Rarely do educators reach the fame and celebrity status that Richard Feynman had throughout his life, fame that continues to linger even decades after his death. A legendary physicist and Nobel laureate, he revolutionized the field of quantum electrodynamics—practically rewriting it. Nevertheless, he is most fondly remembered not for his physics but rather for his contribution to science education.
His most extraordinary educational work, The Feynman Lectures on Physics, arose from an undergraduate course at Caltech. Feynman taught only once, a course of such magnificent quality that Caltech recorded each lecture and took pictures of every diagram he ever made. Driven by the need to overhaul an old-fashioned syllabus and present grander, newer ideas to maintain the interest of new undergraduates in physics, his teaching style won him the “Great Explainer” title. Bill Gates, among many others, has remarked that Feynman was the “best teacher [he] never had” Rarely do educators reach the fame and celebrity status that Richard Feynman had throughout his life, the fame that continues to linger even decades after his death. A legendary physicist and Nobel laureate, he revolutionized the field of quantum electrodynamics—practically rewriting it. Nevertheless, he is most fondly remembered not for his physics but for his contribution to science education.
But enough of how great Richard Feynman was:
What set him apart? What gave him the gift of being what Caltech faculty dubbed “an extraordinary teacher of teachers”? Well, it boils down to his learning philosophy. Feynman particularly despised memorization. For him, science was a process of discovery, not a seemingly disjunct series of facts to be memorized.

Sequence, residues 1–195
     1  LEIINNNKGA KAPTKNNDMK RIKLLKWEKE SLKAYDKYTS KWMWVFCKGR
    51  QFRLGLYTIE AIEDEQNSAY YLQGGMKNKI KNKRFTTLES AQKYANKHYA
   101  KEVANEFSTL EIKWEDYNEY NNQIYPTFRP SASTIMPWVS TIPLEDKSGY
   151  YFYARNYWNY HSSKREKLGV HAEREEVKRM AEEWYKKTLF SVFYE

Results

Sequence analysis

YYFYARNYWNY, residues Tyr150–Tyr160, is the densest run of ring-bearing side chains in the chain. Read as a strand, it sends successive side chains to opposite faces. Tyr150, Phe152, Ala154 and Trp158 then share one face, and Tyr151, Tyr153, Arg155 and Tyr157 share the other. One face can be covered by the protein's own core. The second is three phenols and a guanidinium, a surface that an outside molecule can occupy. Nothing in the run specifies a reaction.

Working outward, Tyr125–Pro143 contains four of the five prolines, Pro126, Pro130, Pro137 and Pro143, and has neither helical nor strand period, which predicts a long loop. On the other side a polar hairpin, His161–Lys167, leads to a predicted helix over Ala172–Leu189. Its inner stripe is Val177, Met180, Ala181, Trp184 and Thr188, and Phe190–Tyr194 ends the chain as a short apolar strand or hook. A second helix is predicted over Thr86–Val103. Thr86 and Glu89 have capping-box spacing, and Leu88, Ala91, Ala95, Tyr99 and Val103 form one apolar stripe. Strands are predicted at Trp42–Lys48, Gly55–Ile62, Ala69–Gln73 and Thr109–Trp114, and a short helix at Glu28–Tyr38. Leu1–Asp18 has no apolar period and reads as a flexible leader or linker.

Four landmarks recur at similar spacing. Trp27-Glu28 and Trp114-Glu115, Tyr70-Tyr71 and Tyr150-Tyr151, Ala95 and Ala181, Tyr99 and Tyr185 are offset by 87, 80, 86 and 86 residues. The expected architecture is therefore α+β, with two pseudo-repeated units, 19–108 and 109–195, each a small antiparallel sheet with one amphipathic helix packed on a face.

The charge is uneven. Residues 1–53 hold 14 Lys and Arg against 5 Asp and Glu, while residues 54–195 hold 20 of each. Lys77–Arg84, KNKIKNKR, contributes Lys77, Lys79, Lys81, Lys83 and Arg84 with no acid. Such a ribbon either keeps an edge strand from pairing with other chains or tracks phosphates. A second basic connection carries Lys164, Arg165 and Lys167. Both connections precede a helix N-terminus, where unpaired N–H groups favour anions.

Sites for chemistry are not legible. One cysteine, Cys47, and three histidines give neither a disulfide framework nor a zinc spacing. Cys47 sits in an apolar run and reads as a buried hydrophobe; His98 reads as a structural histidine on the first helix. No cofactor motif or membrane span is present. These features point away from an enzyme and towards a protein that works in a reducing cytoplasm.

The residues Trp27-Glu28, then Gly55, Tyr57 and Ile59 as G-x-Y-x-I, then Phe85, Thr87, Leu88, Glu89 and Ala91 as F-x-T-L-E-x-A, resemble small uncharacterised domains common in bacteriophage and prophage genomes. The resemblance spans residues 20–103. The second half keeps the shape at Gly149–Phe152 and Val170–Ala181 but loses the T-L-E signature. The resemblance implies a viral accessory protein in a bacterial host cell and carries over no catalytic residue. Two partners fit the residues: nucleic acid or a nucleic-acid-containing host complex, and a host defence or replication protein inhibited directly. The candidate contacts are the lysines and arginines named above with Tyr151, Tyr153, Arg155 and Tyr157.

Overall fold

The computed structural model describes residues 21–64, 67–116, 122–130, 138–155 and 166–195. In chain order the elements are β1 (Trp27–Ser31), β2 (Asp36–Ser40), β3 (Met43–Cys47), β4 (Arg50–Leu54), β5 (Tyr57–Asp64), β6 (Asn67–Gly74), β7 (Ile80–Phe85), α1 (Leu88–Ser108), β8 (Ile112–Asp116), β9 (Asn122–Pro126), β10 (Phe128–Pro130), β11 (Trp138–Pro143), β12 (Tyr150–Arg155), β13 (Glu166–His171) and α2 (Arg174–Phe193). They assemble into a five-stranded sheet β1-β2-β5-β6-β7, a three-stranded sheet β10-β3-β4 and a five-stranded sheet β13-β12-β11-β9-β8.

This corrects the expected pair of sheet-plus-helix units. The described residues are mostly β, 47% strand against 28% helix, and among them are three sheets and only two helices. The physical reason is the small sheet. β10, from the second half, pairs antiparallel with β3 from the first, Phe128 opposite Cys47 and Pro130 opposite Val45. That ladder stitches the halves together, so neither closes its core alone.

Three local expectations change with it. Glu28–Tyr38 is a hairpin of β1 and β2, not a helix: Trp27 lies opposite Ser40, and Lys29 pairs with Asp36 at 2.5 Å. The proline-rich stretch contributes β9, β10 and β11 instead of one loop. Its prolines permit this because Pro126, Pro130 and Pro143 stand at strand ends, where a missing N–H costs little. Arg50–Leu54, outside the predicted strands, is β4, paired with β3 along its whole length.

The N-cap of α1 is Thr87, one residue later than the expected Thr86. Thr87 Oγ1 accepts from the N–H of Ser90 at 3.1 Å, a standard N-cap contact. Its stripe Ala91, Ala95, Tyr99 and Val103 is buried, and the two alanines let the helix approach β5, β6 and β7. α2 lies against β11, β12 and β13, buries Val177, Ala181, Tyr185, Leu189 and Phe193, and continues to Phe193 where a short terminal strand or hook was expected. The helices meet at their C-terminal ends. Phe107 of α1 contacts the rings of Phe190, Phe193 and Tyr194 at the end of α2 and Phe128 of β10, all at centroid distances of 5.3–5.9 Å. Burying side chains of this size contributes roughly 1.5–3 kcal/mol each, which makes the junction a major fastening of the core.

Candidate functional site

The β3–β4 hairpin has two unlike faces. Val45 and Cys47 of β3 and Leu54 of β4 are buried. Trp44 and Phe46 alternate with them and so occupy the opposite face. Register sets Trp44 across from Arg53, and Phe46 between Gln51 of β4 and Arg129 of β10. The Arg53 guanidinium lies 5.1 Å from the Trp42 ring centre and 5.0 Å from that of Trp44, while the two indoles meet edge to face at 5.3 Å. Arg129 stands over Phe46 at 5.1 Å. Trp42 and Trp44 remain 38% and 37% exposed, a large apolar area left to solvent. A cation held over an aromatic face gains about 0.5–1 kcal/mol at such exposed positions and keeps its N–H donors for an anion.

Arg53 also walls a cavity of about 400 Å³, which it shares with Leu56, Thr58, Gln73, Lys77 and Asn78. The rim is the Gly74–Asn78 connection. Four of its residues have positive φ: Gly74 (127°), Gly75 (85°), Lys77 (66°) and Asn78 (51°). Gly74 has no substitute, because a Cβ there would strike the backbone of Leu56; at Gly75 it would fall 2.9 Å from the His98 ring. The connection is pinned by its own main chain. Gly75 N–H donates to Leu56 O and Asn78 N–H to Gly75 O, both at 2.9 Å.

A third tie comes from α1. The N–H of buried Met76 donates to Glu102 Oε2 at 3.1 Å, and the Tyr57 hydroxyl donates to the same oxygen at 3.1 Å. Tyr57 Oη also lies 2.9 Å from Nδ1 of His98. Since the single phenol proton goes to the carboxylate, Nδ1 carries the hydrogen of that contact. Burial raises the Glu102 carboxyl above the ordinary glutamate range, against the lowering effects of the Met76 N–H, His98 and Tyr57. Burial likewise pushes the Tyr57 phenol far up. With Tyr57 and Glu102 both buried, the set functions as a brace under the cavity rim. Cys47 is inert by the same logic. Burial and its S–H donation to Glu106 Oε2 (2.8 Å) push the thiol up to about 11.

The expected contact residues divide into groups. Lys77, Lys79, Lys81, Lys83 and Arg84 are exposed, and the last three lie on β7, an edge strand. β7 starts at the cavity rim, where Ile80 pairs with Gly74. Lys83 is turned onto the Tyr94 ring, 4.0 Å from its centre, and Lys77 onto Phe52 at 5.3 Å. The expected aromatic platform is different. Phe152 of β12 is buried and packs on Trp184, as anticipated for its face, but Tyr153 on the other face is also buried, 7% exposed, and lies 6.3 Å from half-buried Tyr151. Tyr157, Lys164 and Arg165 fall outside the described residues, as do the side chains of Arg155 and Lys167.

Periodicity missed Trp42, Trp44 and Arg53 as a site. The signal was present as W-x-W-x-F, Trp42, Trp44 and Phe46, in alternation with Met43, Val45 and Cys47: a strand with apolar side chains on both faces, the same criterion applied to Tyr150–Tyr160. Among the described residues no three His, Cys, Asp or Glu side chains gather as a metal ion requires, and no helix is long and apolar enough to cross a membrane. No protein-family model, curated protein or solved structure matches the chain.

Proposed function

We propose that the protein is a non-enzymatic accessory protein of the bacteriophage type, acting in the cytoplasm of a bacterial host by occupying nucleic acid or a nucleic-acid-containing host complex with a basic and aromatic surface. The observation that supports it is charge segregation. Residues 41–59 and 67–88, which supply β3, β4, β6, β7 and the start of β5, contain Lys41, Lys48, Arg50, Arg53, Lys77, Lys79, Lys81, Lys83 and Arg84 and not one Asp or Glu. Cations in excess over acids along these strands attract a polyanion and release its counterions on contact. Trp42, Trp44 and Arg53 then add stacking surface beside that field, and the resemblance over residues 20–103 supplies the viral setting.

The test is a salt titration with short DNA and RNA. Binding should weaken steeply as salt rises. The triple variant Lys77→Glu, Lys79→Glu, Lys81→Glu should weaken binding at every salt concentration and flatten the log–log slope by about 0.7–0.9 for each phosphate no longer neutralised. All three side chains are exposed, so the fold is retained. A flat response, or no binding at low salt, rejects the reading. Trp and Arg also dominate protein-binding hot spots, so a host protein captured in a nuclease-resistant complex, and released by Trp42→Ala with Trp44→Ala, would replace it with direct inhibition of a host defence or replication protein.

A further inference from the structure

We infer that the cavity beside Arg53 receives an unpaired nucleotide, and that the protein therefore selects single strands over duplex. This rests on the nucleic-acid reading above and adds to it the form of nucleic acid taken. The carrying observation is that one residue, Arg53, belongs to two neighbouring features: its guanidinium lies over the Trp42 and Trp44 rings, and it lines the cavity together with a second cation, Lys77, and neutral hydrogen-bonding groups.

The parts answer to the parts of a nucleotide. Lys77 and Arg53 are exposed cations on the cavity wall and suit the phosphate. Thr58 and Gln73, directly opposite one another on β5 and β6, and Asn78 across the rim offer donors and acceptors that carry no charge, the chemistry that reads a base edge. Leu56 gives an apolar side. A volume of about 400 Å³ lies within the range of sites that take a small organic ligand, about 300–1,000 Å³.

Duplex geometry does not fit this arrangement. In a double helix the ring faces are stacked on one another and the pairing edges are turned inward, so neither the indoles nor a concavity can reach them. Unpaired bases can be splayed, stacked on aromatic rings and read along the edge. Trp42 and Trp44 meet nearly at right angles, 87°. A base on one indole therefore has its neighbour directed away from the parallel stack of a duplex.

Especially evident in his experience teaching Physics at a Brazilian university, he remarked on
the abilities of students to remember everything about the concept of polarization without knowing what it meant. Feynman hated to see science vitiated in such a manner, with students lacking any ability to recognize or apply what they’d learned in the real world. This was the key to his teaching, prioritizing the quality of education over quantity; inquiry-based courses instead of content-based ones. We’re lucky
enough as IB students to be studying syllabi that emphasize precisely this from teachers who genuinely care about developing our natural curiosity into scientific inquiry.
Furthermore, he believed in cultivating a solid intuition and looking at things through first principles rather than taking people’s words at face value. Scientific knowledge is an accumulation of knowledge, but just like any other knowledge, it is also an accumulation of biases and prejudices. To accept information without questioning it defeats the purpose of science, which is, as Feynman put it, “the result
of the discovery that it is worthwhile rechecking by new direct experience, and not necessarily trusting experience from the past”. Feynman practised what he preached. This led him to investigate the Challenger space shuttle disaster beyond what NASA officials had already disclosed. More than anything, though, Feynman emphasized that anyone could learn science and be a scientist. He sharply rebuked the idea that there existed ‘natural’ talent for science, often reminding his idolizing fans, of which there were many, that he was only “an ordinary person who studied hard”. This, at least for me, is my biggest takeaway from Richard Feynman. It is a takeaway that has, does, and will always motivate me and generations of science students to continue learning from this beautiful area of knowledge. It is a testament to Richard Feynman and all science teachers who keep captivating us with the natural world’s secrets.
Ideally, I would end with just one quote, but this great man has so much wisdom to gain, so I’ll leave you with a few instead.
“Study hard what interests you the most in the most undisciplined, irreverent and original manner possible”.